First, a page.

Everyone staying inside their homes during this past year knows how quickly the walls start to close in, but we also know it will eventually come to an end. Caged birds, on the other hand, will never know freedom. For them, lockdown is for life. Let’s use this “Be Kind to Animals” Week to reconsider how we treat birds.
Forcing birds to live in cramped cages, often all alone, is like sentencing a human being to solitary confinement. They become depressed, fearful, aggressive, and profoundly unhappy.
When birds are captured and put into cages, their spirits are broken. Many become so demoralised that they pluck out their feathers until their skin is bleeding and raw. Even though flying is as natural and important to birds as walking is to humans, some people subject birds to painful wing-clipping to prevent them from flying.
Avian welfare expert Dr Kim Danoff notes, “Depriving birds of flight is mentally and physically stressful. Some birds respond by plucking their feathers out; some become aggressive. It also contributes to poor health including weak and atrophied muscles, cardiac problems and respiratory problems.”
Keeping these intelligent and sensitive animals in cages is not only cruel but also illegal. The Wildlife Protection Act, 1972, and its 1991 amendment ban the capture of and trade in all 1,200 varieties of birds native to India. Meanwhile, the Prevention of Cruelty to Animals (PCA) Act, 1960, makes it illegal to keep an animal in a way that prevents “a reasonable opportunity for movement”. For a bird, that means flight. Despite this, hundreds of species of birds are openly sold in markets in many towns and cities.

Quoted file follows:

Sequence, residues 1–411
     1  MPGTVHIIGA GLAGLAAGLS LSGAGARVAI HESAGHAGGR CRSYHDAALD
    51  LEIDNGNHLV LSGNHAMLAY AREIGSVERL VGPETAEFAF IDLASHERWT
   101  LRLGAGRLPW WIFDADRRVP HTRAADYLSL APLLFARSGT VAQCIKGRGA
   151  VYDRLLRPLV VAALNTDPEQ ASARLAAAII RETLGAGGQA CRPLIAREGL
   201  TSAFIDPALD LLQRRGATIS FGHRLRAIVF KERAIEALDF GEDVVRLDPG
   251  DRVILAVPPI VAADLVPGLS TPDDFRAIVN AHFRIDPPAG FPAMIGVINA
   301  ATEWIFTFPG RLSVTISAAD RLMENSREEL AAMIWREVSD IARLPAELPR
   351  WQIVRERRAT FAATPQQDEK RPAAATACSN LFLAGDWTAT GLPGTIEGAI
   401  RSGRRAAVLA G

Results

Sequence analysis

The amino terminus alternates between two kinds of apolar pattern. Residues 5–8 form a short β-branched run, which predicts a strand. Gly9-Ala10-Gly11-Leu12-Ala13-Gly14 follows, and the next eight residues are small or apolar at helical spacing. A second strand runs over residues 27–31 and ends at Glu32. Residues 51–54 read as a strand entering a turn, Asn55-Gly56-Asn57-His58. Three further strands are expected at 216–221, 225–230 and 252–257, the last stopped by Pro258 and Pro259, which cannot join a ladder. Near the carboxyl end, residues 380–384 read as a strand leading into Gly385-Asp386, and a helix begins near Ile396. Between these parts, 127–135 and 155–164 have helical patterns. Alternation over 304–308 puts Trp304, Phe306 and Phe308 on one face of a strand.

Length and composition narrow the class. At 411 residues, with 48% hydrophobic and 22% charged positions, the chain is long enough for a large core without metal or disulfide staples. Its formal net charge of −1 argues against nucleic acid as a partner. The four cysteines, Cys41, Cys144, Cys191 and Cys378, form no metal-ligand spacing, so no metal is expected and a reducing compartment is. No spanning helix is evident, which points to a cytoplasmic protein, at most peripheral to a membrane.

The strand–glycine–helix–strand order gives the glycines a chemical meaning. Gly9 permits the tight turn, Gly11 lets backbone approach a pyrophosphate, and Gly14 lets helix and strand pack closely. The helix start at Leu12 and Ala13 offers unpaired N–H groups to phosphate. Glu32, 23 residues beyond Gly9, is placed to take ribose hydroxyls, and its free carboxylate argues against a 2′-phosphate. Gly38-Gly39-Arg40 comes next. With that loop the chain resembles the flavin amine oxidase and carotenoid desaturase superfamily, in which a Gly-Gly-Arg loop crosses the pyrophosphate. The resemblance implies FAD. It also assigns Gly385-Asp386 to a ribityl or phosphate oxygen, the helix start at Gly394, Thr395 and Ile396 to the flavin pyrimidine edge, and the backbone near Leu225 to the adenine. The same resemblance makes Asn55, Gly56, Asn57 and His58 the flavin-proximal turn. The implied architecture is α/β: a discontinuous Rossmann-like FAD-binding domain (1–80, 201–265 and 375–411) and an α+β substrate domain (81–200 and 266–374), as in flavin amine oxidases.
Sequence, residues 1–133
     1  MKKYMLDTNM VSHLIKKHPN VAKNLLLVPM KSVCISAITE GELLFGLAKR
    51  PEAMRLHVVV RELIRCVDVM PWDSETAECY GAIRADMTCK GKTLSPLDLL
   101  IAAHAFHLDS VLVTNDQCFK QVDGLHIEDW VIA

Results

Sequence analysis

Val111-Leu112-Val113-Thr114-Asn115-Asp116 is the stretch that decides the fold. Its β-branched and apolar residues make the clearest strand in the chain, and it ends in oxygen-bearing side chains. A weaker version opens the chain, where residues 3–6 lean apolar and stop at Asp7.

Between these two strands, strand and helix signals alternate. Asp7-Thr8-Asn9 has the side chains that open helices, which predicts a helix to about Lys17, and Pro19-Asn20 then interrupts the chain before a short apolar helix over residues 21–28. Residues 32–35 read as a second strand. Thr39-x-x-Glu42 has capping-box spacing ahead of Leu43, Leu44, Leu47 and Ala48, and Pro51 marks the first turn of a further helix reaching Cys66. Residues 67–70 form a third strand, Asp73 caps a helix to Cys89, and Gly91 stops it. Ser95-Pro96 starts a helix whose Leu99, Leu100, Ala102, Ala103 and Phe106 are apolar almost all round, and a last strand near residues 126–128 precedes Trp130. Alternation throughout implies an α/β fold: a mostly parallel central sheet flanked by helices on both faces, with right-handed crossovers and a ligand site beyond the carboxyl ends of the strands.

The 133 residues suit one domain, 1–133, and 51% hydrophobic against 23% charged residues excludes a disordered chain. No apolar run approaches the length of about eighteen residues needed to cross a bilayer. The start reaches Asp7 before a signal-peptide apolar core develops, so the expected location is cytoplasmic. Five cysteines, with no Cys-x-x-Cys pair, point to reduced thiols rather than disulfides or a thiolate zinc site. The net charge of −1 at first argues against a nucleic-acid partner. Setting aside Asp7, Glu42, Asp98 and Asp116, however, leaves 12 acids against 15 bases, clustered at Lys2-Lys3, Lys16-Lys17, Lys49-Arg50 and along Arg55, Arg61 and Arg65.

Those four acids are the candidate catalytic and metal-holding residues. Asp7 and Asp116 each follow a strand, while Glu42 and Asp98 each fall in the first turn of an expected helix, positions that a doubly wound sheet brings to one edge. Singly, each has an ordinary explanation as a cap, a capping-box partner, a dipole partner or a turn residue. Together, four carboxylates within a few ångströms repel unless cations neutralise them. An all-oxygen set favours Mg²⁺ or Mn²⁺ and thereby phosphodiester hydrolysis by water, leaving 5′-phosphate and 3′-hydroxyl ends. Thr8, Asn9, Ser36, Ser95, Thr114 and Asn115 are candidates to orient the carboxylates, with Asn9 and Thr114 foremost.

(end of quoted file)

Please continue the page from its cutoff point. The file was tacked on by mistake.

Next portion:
India’s black-market bird trade causes immeasurable distress. Fledglings are often snatched right out of their nests, while other birds are caught in traps or nets that can seriously injure or even kill them as they struggle to break free. Wild-caught birds are packed into small boxes, and an estimated 60% of them die upon capture or in transit as a result of broken wings or legs, dehydration, or sheer terror. Those who survive face a bleak future in captivity, often suffering from malnutrition, loneliness, depression, and stress.
Wild birds live in flocks and communicate using hundreds of different calls, including hushed chatter and whispers that we can’t even hear. They enjoy bathing, exploring, building nests with their mates, and nurturing their young.
Loyalty means a lot in the bird kingdom. If birds become separated from their flockmates for even a moment, they call frantically to them. Many species mate for life and share parenting tasks. Coucal (a member of the cuckoo family) was once spotted trying desperately to revive his dead mate.
Confining birds for other reasons put human health at risk, too. It’s not uncommon to see dead and dying birds at pet and poultry markets, and the World Health Organization (WHO) warns handling diseased or dead birds and improper cooking can risk infection. Two strains of bird flu have been found in India in the current outbreak, one of which, H5N1, is fatal to 60% of humans who contract it, according to WHO.
If the coronavirus crisis has taught us anything, it’s that we sometimes have to change the way we do things. Going forward, that mindset should also apply to the way we treat birds. Those exploited in the pet trade don’t deserve to be kidnapped and forced into an existence in which they’re deprived of everything that could give their life meaning. And chickens, ducks, turkeys, and other birds farmed for food should be left in peace, too, not sentenced to a life of misery and an agonising death just for a fleeting meal. This year, during “Be Kind to Animals” Week, pledge to do something that will make a positive difference for our feathered friends.
Radhika Suryavanshi is a Senior Campaigns Coordinator for PETA India.